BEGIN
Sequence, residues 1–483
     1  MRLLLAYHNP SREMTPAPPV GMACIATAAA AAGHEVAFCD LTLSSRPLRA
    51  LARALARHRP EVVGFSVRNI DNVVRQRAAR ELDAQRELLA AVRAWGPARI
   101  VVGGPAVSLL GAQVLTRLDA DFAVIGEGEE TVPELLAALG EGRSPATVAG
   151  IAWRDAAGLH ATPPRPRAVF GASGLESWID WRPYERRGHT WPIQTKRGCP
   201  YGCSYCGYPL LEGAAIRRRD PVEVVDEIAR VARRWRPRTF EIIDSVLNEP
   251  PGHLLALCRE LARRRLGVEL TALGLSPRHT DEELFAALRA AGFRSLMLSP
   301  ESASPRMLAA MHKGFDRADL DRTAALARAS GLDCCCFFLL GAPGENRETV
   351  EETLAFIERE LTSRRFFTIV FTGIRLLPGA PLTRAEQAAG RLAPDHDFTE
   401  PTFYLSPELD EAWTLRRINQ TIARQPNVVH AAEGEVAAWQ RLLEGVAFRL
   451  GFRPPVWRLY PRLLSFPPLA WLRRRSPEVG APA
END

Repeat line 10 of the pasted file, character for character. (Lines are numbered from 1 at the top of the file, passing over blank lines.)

   401  PTFYLSPELD EAWTLRRINQ TIARQPNVVH AAEGEVAAWQ RLLEGVAFRL